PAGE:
Wednesday, September 28, 2005
A conversation with . . .
Photographer Jan Downs documents the rodeo
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To photographer Jan Downs, Rodeo life is "more American than baseball and apple pie." A Lexington native and MFA candidate at Radford University, the artist is currently showing a collection of photographs of rodeos in Harrisonburg and Lexington, which are on display at Bollo’s coffee shop in Blacksburg. To Downs, who has traveled to Colorado, Arizona, Alaska, New Mexico, and even Hungary, Slovakia, the Czech republic and Poland to take a good photograph, the rodeo gives her a chance to fulfill her mission as a documentary photographer. Here the artist shares some thoughts about that mission, and some insight into her newest exhibit.
How did the photographs for this exhibit come about?
Jan Downs: Documenting rodeo life … was one of the first things that got me into photography. I’ve been doing it for about four years. I have an agriculture background, and I used to do little rodeos when I was a kid growing up. It’s more American than baseball and apple pie to me. If you think about how other countries see the American West, the cowboy, the rodeo …
I think the rest of the world pretty much sees us as still being the Wild Wild West.
JD: Well, maybe. But it’s something that’s truly American and unique. Especially on the East Coast it’s sort of a subculture. … It’s a very good opportunity for photographs, really good subject matter. So I’ve probably photographed 15 or 20 rodeos in the last four years.
Were the photographs in this show digitally manipulated?
JD: Yes. One of my first attempts at serious digital work. I wanted to do something a little different.
I like it, because you can tell that they’re manipulated but it’s not overboard. The base or core image is still the analog subject itself.
JD: The digital age is great but you can get carried away with it. … Whatever I do with digital, I really like to stay with what I could do before digital. You know, like a black and white with some color, where you hand-paint with oil on a regular silver gelatin print. So I try to not get too carried away with the digital stuff, because I like that traditional style.
So what goal do you have in manipulating these digitally?
JD: What I wanted was a lot of motion in these photographs, and that’s why I called it "Still Motion," because it’s capturing a moment that goes by in a flash. … I wanted to capture that motion in one still frame. … If it was on a video you wouldn’t catch that power, that fast action. So you can look at this photograph and see everything that’s going on. … It was important to me to catch something that the human eye wouldn’t catch, that only the lens would catch. Some of them have a very painterly image, all that blurred motion. My approach was, how can I make this artistic and visually interesting, and tell a story, and show something that the normal human eye would not see?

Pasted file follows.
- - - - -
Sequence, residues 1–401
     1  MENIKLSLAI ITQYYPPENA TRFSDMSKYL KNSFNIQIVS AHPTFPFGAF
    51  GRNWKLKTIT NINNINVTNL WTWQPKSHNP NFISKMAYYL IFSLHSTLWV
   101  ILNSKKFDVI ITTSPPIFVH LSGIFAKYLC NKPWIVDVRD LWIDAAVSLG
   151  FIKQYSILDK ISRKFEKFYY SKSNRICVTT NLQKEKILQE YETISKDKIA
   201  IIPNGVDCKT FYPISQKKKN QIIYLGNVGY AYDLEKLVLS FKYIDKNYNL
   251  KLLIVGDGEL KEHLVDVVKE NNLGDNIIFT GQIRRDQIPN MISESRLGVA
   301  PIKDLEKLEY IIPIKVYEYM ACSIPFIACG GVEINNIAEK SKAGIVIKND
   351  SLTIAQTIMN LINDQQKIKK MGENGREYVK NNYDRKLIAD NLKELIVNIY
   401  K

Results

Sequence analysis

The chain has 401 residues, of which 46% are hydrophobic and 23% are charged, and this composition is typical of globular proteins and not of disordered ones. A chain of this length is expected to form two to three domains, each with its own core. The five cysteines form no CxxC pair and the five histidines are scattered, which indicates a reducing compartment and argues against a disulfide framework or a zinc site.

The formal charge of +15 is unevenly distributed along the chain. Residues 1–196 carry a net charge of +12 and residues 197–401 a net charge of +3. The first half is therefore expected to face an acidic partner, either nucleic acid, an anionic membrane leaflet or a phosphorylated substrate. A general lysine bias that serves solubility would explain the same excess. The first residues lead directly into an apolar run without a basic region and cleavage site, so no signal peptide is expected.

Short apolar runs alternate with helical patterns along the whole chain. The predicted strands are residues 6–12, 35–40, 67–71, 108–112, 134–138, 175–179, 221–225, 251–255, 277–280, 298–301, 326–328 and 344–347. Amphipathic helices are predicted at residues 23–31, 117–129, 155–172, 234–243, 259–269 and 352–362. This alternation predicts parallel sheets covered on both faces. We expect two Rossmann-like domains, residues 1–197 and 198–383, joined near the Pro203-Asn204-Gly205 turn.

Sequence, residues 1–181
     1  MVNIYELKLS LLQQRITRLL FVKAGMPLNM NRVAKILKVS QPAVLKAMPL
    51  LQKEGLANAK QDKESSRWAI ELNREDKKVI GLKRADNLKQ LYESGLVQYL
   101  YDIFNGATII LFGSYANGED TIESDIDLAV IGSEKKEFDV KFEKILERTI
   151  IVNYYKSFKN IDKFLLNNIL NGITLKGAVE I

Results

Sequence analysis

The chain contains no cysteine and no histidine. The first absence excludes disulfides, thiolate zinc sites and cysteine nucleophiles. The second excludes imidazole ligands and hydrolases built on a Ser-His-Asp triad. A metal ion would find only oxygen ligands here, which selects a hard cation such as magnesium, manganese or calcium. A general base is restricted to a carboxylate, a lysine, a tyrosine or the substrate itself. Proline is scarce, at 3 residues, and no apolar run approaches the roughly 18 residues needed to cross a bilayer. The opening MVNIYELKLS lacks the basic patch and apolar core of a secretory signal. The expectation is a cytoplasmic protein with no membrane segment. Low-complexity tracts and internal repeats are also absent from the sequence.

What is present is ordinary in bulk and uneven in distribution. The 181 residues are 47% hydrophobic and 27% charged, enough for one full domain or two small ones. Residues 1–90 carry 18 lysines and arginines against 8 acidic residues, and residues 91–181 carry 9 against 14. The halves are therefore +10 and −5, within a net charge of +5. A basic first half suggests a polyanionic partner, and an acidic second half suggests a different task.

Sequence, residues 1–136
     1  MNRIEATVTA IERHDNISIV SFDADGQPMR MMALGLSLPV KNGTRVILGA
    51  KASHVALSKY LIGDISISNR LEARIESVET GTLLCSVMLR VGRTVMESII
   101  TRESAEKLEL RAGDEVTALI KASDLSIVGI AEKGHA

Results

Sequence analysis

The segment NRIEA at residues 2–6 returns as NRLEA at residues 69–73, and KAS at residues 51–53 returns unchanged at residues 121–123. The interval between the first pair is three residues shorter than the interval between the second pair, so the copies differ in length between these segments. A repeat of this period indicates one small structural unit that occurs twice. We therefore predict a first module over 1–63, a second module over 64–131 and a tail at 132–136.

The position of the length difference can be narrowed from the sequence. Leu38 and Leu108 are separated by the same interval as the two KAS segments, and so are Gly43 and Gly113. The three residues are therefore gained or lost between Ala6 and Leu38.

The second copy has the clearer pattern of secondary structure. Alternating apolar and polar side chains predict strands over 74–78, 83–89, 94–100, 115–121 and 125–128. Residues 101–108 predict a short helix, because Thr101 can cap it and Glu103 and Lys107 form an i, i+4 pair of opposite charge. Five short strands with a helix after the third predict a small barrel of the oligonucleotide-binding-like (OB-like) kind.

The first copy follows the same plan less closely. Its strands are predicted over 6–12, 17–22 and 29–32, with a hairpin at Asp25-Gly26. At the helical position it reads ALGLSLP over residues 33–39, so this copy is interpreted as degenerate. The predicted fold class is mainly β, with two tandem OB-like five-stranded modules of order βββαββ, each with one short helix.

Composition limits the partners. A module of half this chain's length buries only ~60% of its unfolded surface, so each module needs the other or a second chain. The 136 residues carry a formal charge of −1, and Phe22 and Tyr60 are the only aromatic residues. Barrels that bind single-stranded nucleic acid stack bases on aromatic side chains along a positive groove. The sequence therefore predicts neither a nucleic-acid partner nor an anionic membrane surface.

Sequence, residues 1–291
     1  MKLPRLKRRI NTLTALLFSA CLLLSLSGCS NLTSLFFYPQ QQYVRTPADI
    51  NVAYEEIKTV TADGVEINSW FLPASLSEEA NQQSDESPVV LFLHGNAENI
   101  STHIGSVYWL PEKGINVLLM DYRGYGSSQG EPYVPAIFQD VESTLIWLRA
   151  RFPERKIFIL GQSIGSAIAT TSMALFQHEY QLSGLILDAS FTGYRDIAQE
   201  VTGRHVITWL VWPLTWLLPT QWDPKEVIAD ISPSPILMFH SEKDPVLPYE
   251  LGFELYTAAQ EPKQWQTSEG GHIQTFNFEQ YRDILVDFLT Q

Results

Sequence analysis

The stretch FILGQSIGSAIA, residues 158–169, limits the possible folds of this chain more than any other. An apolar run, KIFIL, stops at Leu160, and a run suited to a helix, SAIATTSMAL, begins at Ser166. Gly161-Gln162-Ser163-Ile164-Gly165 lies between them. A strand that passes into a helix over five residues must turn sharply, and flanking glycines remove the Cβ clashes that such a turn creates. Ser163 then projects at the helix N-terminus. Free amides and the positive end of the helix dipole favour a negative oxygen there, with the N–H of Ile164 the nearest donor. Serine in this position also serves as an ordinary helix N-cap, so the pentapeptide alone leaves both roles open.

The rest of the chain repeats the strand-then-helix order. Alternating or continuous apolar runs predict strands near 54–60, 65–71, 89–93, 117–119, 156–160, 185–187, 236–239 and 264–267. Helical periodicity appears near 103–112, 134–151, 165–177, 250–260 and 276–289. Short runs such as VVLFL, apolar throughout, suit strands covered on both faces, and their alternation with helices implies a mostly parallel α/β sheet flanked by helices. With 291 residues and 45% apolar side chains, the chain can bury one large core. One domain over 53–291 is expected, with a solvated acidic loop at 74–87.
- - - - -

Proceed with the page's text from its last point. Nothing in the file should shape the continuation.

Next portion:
What goals do you have as a photographer?
JD: What I really love is getting to the heart, and spending time to get to know the subject and telling the story. If you’re a photographer, you’re a sort of historian, an artistic historian. You’re capturing things in one moment for all time to be remembered by.
That’s a whole school of thought as to the mission of the photographer being to document. In the rodeo then, you’re trying to document what this experience has to say about the culture.
JD: There are so many things out there like that, so many stories to be told, cultures people would not otherwise be exposed to. These places are part of the framework of American society. I’m very into Americana. We’re getting a bad rap, and maybe we’re misguided, but they’re are things about our country and our people that are really genuine and unique. I like trying to capture those images and tell those stories through a visual media.
So it makes sense that you’re shooting the kinds of photographs in this new exhibit, rather than the kind of abstract art that exists more for aesthetics alone. I think we need more documentarians these days.
JD: I love taking beautiful photographs, particularly landscapes. I love photographing the West and Alaska, because it may not be there in 50 years. And maybe when you’re looking at it you don’t realize that there’s a greater purpose to it. Having something beautiful up on your wall might make your day better, and that’s still very important as a photographer. So I guess we’re trying to find that balance between what’s important and also what’s still aesthetically pleasing.
"Still Motion" by Jan Downs is on display now until Oct. 9, at Bollo’s in Blacksburg. A meet-the-artist reception will be held at Bollo’s at 7 p.m. Oct. 6. For further information visit http://filebox.vt.edu/users/jadowns or email email@example.com.